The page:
January 13 2014 Commission on the Environment and Policy Committee Meeting Approved Minutes


MONDAY, JANUARY 13, 2014, 5:00 P.M.


*A quorum of the Commission on the Environment was present during designated sections of the meeting thereby constituting a Special Meeting of the Commission on the Environment. 


1. Call to Order and Roll Call.  The Commission on the Environment Policy Committee convened at 5:00 p.m. with Commissioners Arce, Wald and Gravanis present.  The Committee meeting reverted to a full Commission meeting at 5:03 p.m. when Commissioner Josefowitz joined the meeting.

2. Approval of Minutes of the December 9, 2013 Commission on the Environment Policy Committee Meeting. (Explanatory Documents:  December 9, 2013 Draft and Approved Minutes) (Discussion and Action)  Upon Motion by Commissioner Gravanis, second by Commissioner Wald, the December 9, 2013 Meeting Minutes were approved without objection (AYES:  Commissioners Arce, Wald, Gravanis and Josefowitz).

3. Public Comments:  Members of the public may address the Committee on matters that are within the Committee’s jurisdiction and are not on today’s agenda.  There was no public comment at this time.

4. Review and Approval of Commission on the Environment Resolution File No. 2014-01-COE to support Supervisor Chiu’s Proposed Ordinance amending the Environment Code to restrict the sale or distribution on City property of drinking water in plastic bottles of 21 ounces or less, set City policy to increase the availability of drinking water in public areas, and bar the use of City funds to purchase bottled water for recommendation to the Commission on the Environment.  (Explanatory Documents: Draft Resolution, Ordinance Bottled Water – Environment Code; Legislative Digest; and Fact Sheet) Sponsors:  Commissioners Wald and Gravanis; Speaker:  Julie Bryant, City Government Zero Waste Senior Coordinator (Discussion and Action)

City Government Zero Waste Senior Coordinator Julie Bryant reported that Supervisor Chiu introduced a proposed Ordinance on December 10, 2013 to the Board of Supervisors that would (1) prohibit the sale and free distribution of plastic bottled water containers of 21 ounces or less on City property that would include indoor and outdoor events over 100 people; (2) restrict lease and permit holders from selling and distributing bottled water, and (3) codify prior Mayor Gavin Newsom’s 2007 Executive Order restricting the purchase of bottled water with City funds. 

Ms. Bryant reported that the legislation commits the City to install more widespread drinking fountains and bottle filling stations and provides for event tap water hookups for better access to tap water. The legislation would start in October 2014 and would restrict the sale where there is onsite access to water, and in 2016, it would restrict the sale and distribution on all City property.  It does not apply to pre-existing leases or contracts, and City departments that issue permits for events have the ability to provide waivers under certain circumstances.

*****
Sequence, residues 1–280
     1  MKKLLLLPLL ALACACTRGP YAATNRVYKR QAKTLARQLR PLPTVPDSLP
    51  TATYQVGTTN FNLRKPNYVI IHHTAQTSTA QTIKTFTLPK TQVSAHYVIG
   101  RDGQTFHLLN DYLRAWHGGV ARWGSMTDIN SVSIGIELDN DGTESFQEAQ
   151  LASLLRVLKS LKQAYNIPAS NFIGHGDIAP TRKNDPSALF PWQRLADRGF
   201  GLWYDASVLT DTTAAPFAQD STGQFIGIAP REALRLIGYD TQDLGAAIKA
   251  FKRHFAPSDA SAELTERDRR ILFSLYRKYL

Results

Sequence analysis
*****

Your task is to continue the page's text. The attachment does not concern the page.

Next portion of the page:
Commissioner Wald discussed the large number of City properties that would be granted exemptions because of existing event contracts, and suggested that the City consider adding a contract provision stating that when laws change, contracts can be amended.  Commissioner Josefowitz suggested that the City publish a list of all events and places that fall under the exemption to determine whether to readdress the legislation in the future.  Commissioner Wald stated that this effort would help with the administration of the legislation.  Director Nutter stated that this type of list would be helpful in identifying which City facilities may need assistance transitioning their water filling stations to a more robust infrastructure.  Commissioner Josefowitz suggested that the Department create an information sheet to distribute to City agencies on water fountain best practices, identifying vendors and options to consider.

Ms. Bryant reported that the legislation requires Departments who issue permits to submit to the Department of the Environment a list of waivers that are then reported to the Board of Supervisors.  Commissioner Wald suggested that every City officer or department responsible for permitting or issuing a lease on City property should provide to the Board of Supervisors a list of all properties and events that are exempt with a brief explanation of why and an indication of the time period at which the property or event would become subject to the requirement.  Ms. Bryant stated that she would like to see strict requirements on how and when a waiver is granted.  Director Nutter suggested that the Department of the Environment establish regulations for waiver requirements.   Ms. Bryant suggested expanding the legislation to include other types of water bottles in addition to 21-ounce plastic water bottles.

Commissioner Gravanis suggested conveying to the Supervisor’s office the possibility of creating a pilot program and revisiting it after a specified amount of time to assess its effectiveness and allow for amendments as needed.  She suggested adding information that would educate people that plastic water bottles can only be down-cycled and not recycled, and that their resource value continues to degrade every time they are made into a new product.

Commissioner Arce suggested conveying proposed suggestions to the Supervisor’s Office instead of suggesting that the Commission Resolution and proposed Ordinance be revised, in which Commissioners agreed was the best course to take.  He moved to amend the Resolution page 2, at line 22 after “event attendees” to add “, thus avoiding the purchase and use of more than 100,000 single-use water bottles” and accepted amendments proposed by Commissioners Gravanis and Wald and Commission Secretary Fish as referenced in the amended Resolution 001-12-COE.  Commissioner Josefowitz seconded the motion to amend the Resolution.  The Resolution was approved (AYES:  Commissioners Arce, Josefowitz, Gravanis and Wald).

Public Comment:

Ms. Ilyse Magy stated that the term “single-use” is fraught as seen with the plastic bag ban, and the term “reusable” is fraught because of the use of thick paper bags that may have made the problem worse.  She suggested the use of the term “pre-bottled” that would shift the emphasis to what is inside the bottle instead of the bottle itself.